Hacks into PCs bring to mind words like “Payload”. We manage this website and just the security threats to your basic WordPress website is unprecedented.
A few days ago a new “Attack Platform” showed up for WordPress.
The first inclination is to shrug it off a bit and point out we speak of a website, yet many kiosks are running content and are connected to that very infrastructure. Thus they are at risk.
There are a couple of “goes without saying” precautions that should be considered:
- Use a lockdown. There are several from KioWare, PROVISIO, KioskSimple, TIPS and KIOSK Core. These all “lock down” the common entry points like when the OS boots up, where the browser goes, and at what privilege level a user has available (and it won’t be root or admin).
- Use a secure OS. Powering off a machine and back up is a critical juncture. Are there USB ports exposed, and which are enabled? Windows Embedded, POSReady and other windows iterations are designed for this industrial type use (also known as unattended).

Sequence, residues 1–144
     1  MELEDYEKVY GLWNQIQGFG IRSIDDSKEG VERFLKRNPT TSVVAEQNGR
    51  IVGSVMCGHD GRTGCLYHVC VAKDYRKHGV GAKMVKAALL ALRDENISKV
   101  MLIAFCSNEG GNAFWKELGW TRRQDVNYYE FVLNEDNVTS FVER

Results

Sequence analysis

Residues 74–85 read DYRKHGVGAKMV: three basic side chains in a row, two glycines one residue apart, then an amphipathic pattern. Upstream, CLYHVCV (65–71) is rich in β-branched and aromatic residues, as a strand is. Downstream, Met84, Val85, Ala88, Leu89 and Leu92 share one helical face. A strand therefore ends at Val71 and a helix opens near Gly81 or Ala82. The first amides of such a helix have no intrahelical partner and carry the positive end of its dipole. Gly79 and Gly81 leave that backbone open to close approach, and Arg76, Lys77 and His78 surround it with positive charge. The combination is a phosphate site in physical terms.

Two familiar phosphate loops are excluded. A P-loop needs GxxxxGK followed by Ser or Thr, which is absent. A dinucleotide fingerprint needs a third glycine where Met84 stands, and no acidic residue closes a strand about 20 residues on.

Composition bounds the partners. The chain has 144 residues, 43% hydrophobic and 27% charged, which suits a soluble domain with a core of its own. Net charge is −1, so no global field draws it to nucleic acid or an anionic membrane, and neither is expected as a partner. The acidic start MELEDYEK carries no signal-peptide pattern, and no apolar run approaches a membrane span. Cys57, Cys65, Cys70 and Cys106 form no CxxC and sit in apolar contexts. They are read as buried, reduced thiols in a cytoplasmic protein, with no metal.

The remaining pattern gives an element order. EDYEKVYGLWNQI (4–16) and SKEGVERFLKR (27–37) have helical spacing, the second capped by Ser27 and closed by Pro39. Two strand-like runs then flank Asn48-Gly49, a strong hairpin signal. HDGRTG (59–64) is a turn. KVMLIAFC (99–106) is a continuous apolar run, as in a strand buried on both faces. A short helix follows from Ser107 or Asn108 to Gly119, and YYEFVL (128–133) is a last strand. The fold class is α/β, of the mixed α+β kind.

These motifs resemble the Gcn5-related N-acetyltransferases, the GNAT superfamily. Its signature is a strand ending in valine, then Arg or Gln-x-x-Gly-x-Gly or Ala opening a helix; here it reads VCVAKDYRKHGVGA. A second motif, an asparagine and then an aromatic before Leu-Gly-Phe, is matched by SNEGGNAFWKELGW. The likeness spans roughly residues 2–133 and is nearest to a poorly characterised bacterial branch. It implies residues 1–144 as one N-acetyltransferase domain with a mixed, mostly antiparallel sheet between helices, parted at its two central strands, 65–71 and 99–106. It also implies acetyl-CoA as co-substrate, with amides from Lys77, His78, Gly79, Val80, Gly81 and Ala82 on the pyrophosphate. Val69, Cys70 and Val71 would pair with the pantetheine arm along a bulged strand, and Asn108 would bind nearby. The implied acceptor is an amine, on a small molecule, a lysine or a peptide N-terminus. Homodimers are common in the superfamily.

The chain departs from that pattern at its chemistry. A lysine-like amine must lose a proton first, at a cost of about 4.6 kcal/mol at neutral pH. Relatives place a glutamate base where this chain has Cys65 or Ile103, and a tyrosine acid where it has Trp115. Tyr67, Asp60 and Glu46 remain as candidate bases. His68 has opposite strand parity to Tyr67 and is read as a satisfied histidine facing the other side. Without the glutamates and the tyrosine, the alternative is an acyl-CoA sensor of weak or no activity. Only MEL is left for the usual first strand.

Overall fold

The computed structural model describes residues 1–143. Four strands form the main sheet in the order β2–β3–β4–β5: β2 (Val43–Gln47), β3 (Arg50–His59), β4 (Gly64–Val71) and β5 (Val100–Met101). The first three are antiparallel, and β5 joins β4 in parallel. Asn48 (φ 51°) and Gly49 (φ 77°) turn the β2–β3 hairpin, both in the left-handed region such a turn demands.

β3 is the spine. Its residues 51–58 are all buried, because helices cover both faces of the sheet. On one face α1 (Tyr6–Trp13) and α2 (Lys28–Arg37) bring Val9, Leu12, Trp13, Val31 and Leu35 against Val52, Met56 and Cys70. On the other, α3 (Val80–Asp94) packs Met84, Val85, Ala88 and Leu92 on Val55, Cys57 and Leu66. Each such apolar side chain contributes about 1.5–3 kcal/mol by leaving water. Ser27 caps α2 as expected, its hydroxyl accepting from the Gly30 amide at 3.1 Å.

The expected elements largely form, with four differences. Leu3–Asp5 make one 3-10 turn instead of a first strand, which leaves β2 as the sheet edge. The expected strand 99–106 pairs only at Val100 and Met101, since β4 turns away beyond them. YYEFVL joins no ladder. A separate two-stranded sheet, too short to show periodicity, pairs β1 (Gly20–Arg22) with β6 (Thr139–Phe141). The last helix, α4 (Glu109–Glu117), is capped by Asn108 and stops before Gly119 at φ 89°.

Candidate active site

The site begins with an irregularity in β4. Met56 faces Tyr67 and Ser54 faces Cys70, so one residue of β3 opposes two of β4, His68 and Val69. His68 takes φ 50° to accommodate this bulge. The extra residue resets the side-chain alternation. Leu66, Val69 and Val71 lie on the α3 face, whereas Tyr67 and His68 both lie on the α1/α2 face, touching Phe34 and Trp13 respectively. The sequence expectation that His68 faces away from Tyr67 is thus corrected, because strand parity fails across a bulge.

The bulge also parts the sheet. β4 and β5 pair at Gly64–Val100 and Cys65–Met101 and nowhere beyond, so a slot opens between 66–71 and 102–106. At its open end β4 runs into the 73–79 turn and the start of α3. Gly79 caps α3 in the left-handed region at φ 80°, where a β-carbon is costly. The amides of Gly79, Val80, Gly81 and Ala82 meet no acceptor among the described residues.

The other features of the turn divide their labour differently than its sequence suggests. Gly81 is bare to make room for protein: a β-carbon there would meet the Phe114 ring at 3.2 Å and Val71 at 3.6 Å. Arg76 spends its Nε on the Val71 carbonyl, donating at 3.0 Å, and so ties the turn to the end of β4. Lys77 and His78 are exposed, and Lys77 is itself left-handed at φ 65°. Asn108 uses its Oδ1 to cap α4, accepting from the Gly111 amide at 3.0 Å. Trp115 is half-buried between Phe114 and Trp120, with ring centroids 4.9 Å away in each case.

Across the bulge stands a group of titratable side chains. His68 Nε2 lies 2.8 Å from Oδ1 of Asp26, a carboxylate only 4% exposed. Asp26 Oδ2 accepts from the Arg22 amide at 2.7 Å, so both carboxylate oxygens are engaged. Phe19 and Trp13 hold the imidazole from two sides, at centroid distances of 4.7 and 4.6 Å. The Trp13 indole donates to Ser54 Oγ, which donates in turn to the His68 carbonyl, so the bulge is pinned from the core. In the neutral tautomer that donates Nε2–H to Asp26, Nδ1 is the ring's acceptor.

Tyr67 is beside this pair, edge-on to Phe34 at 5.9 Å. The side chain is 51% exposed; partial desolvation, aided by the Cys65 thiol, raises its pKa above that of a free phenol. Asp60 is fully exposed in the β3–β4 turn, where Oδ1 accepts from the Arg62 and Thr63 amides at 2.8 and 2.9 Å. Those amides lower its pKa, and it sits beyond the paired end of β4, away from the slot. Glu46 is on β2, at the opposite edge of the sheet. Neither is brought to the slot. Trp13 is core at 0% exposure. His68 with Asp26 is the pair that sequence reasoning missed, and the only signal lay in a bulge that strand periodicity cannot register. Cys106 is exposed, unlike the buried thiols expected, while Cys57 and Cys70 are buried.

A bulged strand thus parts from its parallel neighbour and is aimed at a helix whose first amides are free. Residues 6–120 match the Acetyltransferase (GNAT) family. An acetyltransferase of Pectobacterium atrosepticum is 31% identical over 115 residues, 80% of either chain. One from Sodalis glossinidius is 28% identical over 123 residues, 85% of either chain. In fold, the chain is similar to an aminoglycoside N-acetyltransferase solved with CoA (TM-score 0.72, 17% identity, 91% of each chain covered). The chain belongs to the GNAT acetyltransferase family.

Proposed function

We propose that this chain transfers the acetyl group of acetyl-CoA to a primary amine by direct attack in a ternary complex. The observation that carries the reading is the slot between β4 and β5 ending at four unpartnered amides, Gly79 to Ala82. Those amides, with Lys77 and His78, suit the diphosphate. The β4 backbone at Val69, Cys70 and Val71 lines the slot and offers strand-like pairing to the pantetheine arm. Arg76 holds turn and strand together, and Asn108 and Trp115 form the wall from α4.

- Physical access to the machine and PC needs to be controlled.
- “Tweaking” windows with assigned access and policies is fine but it usually takes multiple tries to finally lock down some of what the lockdowns lock down.
- Windows Patch management (or Linux) — how are you going to implement that remotely and unattended?
- How do you manage all those terminals.
- What about the backoffice? Many “breaches” are into the datastores that the kiosks are building/using back in the office. Security begins at home…
- Do you have contractors logging into your network? Take some advice from Target. Eliminate it or force them to log in only on secured terminals, not cheap PCs running freeware Malware protection (which doesn’t always update).
That’s some quick advice.
Here are some interesting and useful whitepapers out there.
- Craig_Hacking Kiosks
- Windows 10 security overview (Windows)
- VMware-Epic Intel security-technologies-4th-gen-core-retail-paper
- kiosk-intel_mcafee_white_paper wp-hacking-kiosk